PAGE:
- the attempt by Pride organisers to ban drag performers from their event - is terrible, terrible politics. Worse, it makes no effort to offer a political justification. If it specifically claimed that drag was in some way a parody of trans (rather than an activity that is within the history of trans), then at least there would be an argument to counter. It doesn't even do that. The argument is simply that the inclusion of drag acts might make some people who are trans or questioning their gender "uncomfortable". That's worse than a slippery slope: the slippage has already begun. You could justify practically any sectarian or bigoted stance on the basis that someone makes you "uncomfortable". It isn't as if certain people don't claim to be made "uncomfortable" by trans people.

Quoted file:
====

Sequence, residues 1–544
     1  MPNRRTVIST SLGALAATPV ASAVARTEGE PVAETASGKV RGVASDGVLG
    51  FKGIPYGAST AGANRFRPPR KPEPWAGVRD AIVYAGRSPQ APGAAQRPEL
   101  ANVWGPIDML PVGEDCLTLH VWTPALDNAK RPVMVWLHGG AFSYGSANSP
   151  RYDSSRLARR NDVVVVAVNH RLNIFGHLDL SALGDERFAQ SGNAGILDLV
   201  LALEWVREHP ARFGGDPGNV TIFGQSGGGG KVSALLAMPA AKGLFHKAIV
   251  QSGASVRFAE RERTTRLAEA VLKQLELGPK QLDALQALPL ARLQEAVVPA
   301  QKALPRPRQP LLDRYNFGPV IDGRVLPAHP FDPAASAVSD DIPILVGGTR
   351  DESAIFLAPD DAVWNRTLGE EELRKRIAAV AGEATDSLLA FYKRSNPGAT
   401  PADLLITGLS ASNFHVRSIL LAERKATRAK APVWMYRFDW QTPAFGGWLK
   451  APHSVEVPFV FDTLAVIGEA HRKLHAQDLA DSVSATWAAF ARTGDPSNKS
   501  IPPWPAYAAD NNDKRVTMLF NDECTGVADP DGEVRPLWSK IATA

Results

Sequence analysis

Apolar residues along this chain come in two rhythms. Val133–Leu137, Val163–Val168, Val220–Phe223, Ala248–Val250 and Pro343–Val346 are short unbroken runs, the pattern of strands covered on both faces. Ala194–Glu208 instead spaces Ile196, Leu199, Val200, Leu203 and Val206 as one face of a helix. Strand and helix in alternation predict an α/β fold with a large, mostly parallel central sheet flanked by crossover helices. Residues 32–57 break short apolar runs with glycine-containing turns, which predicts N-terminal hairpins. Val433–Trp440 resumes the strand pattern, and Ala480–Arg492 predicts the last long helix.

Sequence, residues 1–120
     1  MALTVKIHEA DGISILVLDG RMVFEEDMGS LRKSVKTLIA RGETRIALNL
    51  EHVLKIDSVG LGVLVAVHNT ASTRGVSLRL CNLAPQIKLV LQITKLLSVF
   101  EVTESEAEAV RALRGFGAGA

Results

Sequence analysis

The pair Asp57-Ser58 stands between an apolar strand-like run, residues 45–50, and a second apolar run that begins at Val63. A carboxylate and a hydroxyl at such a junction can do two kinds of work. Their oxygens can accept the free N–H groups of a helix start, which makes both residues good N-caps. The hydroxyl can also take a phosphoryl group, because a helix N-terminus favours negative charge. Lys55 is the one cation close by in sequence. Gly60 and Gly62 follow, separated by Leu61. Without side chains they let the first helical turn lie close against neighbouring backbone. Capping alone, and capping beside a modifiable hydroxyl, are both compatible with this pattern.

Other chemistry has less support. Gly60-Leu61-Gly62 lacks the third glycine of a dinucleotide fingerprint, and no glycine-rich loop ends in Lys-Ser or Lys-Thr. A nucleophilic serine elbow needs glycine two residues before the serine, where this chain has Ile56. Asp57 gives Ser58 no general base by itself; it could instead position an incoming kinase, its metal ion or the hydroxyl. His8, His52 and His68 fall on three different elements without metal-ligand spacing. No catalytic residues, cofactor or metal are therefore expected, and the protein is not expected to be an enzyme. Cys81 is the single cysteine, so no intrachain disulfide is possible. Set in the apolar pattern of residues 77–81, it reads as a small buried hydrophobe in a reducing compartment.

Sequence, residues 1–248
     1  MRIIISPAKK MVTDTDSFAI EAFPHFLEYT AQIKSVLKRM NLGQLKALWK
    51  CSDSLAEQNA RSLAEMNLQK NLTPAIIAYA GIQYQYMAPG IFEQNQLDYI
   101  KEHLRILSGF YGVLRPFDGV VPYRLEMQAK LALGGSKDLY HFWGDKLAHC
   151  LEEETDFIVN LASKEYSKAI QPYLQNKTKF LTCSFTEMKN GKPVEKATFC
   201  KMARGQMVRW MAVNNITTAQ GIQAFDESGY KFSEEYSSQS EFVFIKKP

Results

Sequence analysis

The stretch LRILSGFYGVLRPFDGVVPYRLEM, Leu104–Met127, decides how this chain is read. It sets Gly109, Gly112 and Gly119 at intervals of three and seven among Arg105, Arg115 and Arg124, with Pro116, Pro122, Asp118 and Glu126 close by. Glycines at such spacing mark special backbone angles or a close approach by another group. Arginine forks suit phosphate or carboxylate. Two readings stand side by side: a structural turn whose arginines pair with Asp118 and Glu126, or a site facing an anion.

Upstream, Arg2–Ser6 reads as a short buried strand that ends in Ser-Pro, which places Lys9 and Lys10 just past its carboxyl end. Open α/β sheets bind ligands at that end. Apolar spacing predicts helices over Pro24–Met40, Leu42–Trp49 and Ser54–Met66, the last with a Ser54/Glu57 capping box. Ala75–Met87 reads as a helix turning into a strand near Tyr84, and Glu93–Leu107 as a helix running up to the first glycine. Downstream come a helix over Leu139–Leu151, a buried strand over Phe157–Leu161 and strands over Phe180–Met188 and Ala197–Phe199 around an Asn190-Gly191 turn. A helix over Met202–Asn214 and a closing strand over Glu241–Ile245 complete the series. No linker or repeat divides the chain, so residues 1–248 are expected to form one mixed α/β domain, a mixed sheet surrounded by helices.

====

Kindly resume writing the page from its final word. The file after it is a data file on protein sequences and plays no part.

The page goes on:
The organisers, in their unconscionably bad faith statement, also claim that it's okay because people in drag can still turn up at Pride, they just won't be performing. That won't wash. They have made a political decision to exclude drag acts from the event; if 'they' are a problem on the stage, making people 'uncomfortable', then 'they' will be a problem off the stage. The organisers have essentially validated some incredibly ill-considered, politically vacuous and ultimately bigoted position and then tried to wash their hands of it.
: Credit where it's due, this is a very good statement
by the organisers, taking responsibility, retracting the position and above all repudiating the mistaken political perspective. That doesn't usually happen.